Miller said he was inspired by the creative healing solutions that many fellows are already using in their communities.
He noted that participants from Rwanda have spent two decades rebuilding their society after government-backed militias sparked mass killings of Tutsis and moderate Hutus in 1994.
“They’ve learned some ways of healing that they can share,” Miller said. “And they’re really interested in reforming their society. For example, it’s now required that 50 percent of political leaders in Rwanda must be women.”
In addition to skills training sessions on campus, participants in the exchange program took part in cultural activities and field trips, including a visit to Unitas Therapeutic Community, a treatment and prevention program for youth in the South Bronx.
Fellows also did hands-on work with churches, government agencies and nonprofits in the Pioneer Valley—among them, Safe Passage, the Pioneer Valley Project and Smith’s Project Coach.
Patrick Onguti Okello, who works with farmers’ cooperatives in northern Uganda, said interning with the Pioneer Valley Project coalition reminded him that not all Americans are well off.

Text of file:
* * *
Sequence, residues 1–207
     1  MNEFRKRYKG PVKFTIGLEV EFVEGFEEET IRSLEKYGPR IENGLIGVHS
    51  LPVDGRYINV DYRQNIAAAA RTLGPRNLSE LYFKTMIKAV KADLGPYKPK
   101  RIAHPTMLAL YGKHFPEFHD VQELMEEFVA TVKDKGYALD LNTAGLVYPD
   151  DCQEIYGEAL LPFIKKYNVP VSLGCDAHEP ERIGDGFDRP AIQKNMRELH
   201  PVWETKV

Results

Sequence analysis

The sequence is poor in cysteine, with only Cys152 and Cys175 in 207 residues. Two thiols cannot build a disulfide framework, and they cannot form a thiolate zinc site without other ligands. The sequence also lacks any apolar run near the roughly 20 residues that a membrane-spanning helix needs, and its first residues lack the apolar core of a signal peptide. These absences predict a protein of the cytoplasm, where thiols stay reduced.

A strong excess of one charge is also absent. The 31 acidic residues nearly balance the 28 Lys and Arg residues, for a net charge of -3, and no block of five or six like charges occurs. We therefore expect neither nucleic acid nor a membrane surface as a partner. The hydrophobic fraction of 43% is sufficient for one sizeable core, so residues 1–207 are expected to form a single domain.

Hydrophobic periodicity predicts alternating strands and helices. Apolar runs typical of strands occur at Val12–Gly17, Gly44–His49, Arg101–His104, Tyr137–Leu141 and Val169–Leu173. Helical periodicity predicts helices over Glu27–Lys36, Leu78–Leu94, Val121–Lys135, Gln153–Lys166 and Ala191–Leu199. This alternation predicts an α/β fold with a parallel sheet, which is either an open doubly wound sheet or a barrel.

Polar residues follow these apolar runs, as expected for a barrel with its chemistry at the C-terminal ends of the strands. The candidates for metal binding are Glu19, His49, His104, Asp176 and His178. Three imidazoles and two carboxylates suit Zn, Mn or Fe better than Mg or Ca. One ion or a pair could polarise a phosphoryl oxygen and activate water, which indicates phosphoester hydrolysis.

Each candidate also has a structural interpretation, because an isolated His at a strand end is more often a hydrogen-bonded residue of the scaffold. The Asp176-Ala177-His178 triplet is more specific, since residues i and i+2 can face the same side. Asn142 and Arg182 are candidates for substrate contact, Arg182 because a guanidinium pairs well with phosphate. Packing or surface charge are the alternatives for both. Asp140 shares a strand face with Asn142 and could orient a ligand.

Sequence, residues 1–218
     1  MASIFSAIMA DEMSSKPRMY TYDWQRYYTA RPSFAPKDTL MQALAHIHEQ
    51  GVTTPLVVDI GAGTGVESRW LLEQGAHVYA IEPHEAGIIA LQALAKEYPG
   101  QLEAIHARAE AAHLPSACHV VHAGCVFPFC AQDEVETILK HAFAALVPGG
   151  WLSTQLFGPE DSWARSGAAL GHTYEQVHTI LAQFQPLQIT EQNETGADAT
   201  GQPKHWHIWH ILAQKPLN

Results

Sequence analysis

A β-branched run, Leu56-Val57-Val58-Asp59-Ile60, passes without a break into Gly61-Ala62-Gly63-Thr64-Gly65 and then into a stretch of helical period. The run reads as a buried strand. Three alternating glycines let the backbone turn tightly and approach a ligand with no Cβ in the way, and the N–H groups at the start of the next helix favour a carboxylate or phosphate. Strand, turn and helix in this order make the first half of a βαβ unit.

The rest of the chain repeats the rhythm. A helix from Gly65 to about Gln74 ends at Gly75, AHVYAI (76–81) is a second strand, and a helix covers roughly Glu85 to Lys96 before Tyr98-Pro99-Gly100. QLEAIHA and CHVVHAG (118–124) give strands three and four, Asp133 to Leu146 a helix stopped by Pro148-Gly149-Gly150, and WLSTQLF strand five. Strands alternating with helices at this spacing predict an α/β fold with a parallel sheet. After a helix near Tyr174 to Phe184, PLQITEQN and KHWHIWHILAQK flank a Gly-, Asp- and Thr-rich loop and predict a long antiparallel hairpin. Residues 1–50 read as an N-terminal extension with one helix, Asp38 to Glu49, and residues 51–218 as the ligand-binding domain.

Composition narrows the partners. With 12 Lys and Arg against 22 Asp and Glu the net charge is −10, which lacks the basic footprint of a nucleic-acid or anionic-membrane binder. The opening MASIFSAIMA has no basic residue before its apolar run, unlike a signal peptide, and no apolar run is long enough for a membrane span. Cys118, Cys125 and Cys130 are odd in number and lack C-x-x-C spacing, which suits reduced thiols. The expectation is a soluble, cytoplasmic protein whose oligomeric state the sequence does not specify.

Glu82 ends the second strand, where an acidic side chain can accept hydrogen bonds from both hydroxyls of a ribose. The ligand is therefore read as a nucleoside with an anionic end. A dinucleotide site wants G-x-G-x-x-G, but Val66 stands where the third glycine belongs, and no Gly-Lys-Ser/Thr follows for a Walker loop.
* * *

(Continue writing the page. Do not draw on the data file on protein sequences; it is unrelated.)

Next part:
“I realized that there are a lot of problems here,” Okello said. “What I’ve liked is that people are concerned about things, and they can talk and express themselves. If we speak up, something good can happen.”
Agnes Umutesi, a violence prevention trainer with the Rwanda Men’s Resource Center in Kigali, was impressed by the spirit of optimism and voluntarism she witnessed during her time in the Pioneer Valley.
“I found people have heart,” she said. “I like the way people do what they like and what they are interested in. They’re working on reducing conflict because they feel like they can.”